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New hope for people living with incontinence from ground-breaking study

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The findings provide a definitive list of 14 KPIs to help patients live dignified lives

A new study has identified a set of Key Performance Indicators (KPIs) to improve standards of care for people living with incontinence.

The findings provide a definitive list of 14 recommended KPIs that distinguish between those who can manage their incontinence independently and those who need more care, with the aim of helping people to live dignified lives.

‘There are many types of incontinence, and while outcome measures for over active bladder have been produced, nothing currently exists for the daily management of incontinence. This study has identified the type of outcomes upon which we should focus and has produced tangible KPIs which, if embedded in quality frameworks, will help to advance standards of care,’ said Adrian Wagg, professor of healthy aging and chair of the research panel in this study.

‘Furthermore, because of the methods used in their creation, we know that the KPIs are fully endorsed by both those affected by incontinence and those involved in tackling it.’

Incontinence affects 400 million people around the world, predominantly affecting elderly patients. As few people are cured, the need for adequate patient care is vital but since now, there was no consensus on what ‘good’ incontinence care looks like.

The 14 KPIs are divided into: structural, process and outcome-related indicators, with the latter covering clinical, quality of life and economic factors.

‘We hope the output from this study will make a tangible contribution to the improvement of care provision for people living with incontinence and be adopted by national health and social care systems across the globe,’ said Mattias Abrahamsson, vice president of Incontinence Care Global Hygiene Category.

‘In addition, it will facilitate the creation of a powerful bank of benchmarking data to provide the basis for value-based health care procurement of toileting and containment strategies.’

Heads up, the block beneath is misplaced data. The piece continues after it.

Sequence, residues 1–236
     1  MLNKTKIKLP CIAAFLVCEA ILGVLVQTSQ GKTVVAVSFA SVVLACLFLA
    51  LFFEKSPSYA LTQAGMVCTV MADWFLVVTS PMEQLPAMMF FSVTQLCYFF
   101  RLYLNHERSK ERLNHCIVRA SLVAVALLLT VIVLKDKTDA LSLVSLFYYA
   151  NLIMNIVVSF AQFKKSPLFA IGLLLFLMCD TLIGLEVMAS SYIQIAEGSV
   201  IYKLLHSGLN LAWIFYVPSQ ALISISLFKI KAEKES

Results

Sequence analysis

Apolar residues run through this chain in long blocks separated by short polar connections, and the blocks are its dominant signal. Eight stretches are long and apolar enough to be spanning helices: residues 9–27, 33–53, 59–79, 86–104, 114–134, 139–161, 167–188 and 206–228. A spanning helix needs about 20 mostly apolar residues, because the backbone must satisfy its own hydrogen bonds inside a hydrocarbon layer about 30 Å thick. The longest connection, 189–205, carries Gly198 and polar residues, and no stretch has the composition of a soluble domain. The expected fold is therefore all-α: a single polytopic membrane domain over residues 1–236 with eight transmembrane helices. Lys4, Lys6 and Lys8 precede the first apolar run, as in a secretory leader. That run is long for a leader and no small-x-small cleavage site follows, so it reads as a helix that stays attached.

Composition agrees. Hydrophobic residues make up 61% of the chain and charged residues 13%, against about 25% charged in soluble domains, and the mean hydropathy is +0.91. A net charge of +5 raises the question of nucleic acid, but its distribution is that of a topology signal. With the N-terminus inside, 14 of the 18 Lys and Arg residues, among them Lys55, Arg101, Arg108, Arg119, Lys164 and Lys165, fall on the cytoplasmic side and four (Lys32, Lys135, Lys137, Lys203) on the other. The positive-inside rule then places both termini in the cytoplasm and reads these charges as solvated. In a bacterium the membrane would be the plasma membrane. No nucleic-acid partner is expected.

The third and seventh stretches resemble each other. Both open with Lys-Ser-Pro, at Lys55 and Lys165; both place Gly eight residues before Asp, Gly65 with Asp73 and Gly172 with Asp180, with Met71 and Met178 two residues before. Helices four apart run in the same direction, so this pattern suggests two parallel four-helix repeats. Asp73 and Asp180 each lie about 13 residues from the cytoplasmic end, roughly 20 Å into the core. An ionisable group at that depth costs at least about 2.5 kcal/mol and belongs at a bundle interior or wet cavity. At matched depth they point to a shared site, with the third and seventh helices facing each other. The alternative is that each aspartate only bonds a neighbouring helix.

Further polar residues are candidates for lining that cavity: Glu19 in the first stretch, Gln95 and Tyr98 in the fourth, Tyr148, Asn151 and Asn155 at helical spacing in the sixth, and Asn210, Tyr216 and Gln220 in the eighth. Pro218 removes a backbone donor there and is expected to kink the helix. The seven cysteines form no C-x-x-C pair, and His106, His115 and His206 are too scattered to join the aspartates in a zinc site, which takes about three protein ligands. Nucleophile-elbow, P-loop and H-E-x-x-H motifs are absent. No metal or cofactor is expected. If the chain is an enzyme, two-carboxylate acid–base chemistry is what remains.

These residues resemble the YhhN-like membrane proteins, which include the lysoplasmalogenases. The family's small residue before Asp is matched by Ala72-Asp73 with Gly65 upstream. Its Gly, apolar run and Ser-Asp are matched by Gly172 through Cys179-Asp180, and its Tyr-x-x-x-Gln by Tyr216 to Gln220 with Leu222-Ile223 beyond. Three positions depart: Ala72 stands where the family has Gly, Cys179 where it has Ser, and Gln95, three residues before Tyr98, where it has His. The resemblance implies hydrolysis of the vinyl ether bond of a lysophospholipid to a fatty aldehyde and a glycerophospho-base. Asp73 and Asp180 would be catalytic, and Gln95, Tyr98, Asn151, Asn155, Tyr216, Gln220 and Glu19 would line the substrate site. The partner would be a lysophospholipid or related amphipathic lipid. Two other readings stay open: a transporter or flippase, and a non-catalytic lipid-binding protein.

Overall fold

Structural KPIs:

  • Proportion of staff with the skills to perform a continence assessment and prescribe a toileting and containment strategy.

Process KPIs

  • Proportion of persons with incontinence in receipt of pads with a documented assessment and formulation of a toileting and containment strategy.
  • Mean number of days from referral to assessment for people with incontinence who require a toileting and containment strategy.
  • Proportions of persons whose toileting and containment strategy is reviewed.
  • Proportion of persons with incontinence who receive education on toileting and containment strategies.
  • Proportion of persons with incontinence deemed eligible for a toileting and containment strategy who are offered a choice of product type following assessment of incontinence.

Outcome KPIs:

  • Proportion of care dependent persons with incontinence in receipt of a toileting and
  • Proportion of persons with incontinence and Incontinence Associated Dermatitis (IAD) who receive a toileting and containment strategy.
  • Proportion of persons with incontinence with an indwelling catheter to manage
  • Proportion of persons with incontinence managed with a toileting and containment strategy who report “good” or “acceptable” levels of access and support to toilet facilities in their daily lives.
  • People with incontinence managed with a toileting and containment strategy who report sustained or improved emotional well-being.
  • Proportion of persons managing incontinence with a toileting and containment strategy who are either able to remain in work or take up work.
  • Proportion of caregiving relatives of people with incontinence who report an acceptable level of emotional well-being.
  • Cost of hospital admissions and re-admissions related to poor management with toileting and containment strategies for incontinence.

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